John Lydgate


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Lydgate, John

(lĭd`gāt), c.1370–c.1450, English poet, a monk of Bury St. Edmunds. A professed disciple of Chaucer, he was one of the most influential, voluminous, and versatile writers of the Middle Ages. His works may be divided into three classes: (1) poems written in the Chaucerian manner, such as the Complaint of the Black Knight, which resembles Chaucer's Book of the Duchess, and the allegory The Temple of Glass; (2) lengthy translations, of which the Troy Book (from the Latin of Guido della Colonna), The Fall of Princes (from the French of Laurent de Premierfait), and The Siege of Thebes (also from the French), are the best known; (3) short pieces, including fables, saints' lives, and devotional, philosophic, and occasional poems. After Lydgate's death his fame diminished rapidly. His poetry has been criticized for its prolixity and prosaic style.

Bibliography

See his Poems, ed. by J. Norton-Smith (1966); biography by L. A. Ebin (1985); study by D. A. Pearsall (1970).

References in periodicals archive ?
This review essay examines three recent studies of early English drama that participate in these conversations and also take them in new directions: Claire Sponsler's The Queen's Dumbshows: John Lydgate and the Making of Early Theater (2014); Charlotte Steenbrugge's Staging Vice: A Study of Dramatic Traditions in Medieval and Sixteenth-Century England and the Low Countries (2014); and Kurt A.
The linguistic material subject to the present analysis consists of 17 Late Middle English texts authored by John Lydgate.
5) Symes, A Common Stage, xi-xiii, 2-3, 8-9; Jessica Brantley, Reading in the Wilderness: Private Devotion and Public Performance in Late Medieval England (Chicago, 2007), 298-300; Claire Sponsler, The Queens Dumbshows: John Lydgate and the Making of Early Theatre (Philadelphia, 2014), 17-21.
In The Queens Dumbshows, we encounter a John Lydgate who perhaps needed to await the technological advances of recent decades and the proliferation of hybrid and multimedia forms that accompanied them in order to gain full recognition for the boldness of his own literary and performative experiments.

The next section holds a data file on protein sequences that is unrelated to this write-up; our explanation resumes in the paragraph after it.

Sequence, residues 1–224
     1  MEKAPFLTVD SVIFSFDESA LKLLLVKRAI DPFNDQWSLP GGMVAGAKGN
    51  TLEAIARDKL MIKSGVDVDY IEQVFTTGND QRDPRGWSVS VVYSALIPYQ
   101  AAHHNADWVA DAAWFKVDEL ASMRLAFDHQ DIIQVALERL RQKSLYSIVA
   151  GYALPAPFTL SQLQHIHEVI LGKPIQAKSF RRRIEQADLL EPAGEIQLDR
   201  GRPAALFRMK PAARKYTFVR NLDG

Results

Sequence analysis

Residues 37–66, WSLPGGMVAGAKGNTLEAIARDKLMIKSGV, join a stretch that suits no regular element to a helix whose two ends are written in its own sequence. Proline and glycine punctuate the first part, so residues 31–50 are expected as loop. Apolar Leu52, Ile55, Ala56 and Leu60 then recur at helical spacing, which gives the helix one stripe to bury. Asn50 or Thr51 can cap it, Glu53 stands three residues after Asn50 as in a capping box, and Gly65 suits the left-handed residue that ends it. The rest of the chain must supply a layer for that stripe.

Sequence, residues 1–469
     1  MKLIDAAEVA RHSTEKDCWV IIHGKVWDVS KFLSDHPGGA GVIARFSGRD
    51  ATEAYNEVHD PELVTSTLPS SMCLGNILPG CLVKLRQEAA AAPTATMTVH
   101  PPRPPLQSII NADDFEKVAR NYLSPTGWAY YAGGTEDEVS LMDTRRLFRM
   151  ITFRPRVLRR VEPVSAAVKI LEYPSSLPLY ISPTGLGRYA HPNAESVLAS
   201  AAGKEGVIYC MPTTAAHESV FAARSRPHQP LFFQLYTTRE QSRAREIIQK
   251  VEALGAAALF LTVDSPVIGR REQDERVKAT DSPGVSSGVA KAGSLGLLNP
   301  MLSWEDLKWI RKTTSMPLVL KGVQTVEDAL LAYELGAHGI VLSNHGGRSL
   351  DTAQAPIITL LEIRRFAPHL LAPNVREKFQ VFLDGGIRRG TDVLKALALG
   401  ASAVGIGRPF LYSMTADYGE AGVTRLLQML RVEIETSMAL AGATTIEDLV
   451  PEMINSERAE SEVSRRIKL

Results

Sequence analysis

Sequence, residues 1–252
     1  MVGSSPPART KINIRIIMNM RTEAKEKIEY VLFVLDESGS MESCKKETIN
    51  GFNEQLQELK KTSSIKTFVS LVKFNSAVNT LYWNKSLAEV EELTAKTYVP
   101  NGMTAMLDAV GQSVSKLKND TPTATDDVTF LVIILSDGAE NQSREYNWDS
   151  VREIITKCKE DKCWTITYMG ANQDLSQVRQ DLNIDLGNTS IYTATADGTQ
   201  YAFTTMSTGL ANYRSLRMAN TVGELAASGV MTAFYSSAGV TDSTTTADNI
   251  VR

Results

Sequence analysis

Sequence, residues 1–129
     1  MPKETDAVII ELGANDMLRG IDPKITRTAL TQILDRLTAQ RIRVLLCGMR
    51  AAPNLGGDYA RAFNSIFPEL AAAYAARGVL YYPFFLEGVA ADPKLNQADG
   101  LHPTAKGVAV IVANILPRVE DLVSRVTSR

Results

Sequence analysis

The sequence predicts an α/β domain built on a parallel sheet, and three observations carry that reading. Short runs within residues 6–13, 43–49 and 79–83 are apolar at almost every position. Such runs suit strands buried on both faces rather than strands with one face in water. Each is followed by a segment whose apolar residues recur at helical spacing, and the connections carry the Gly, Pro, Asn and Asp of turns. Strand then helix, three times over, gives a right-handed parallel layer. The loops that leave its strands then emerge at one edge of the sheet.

After a brief introduction, Bale and Edwards present a critical edition of the lives of two Anglo-Saxon saints as told by the fifteenth-century writer John Lydgate, along with the "extra miracles" of St.
Having exploded the persecuting template as a historiographical invention in the central chapters of his book, Cole turns to the literary manifestations of his more variegated culture to offer post-Wyclifite readings of a rich selection from the late 14th- and 15th-century vernacular canon, including William Langland, Geoffrey Chaucer, John Lydgate and Margery Kempe.
29) John Lydgate, This lytell treatyse compendiously declareth the damage and destruction in realmes caused by the serpente of diuision (London, [1535]; STC 17027.
Miskimin, Stanley Howard Johnston, and earlier by Eleanor Prescott Hammond, among others--Gillespie contributes substantially here to the restoration of the Renaissance reputation of the medieval poet John Lydgate, for whom, as she reminds readers in her epilogue, "there is still no collected edition (or even comprehensive, up-to-date list) of [his] works in print" (233).
Chapter 6 is devoted to John Lydgate, author of the only extant texts, written in the early fifteenth century, known to have been performed in civic halls in pre-Elizabethan London.
47) On this influence see Lois Ebin, John Lydgate (Boston: Twayne, 1985), p.
Beginning with Clement of Alexandria and subsequently traveling through the worlds of Hildegard, Leonin, Dante, Chaucer, and the fifteenth-century poet John Lydgate, the author presents various types of physical representations of and physical responses to music.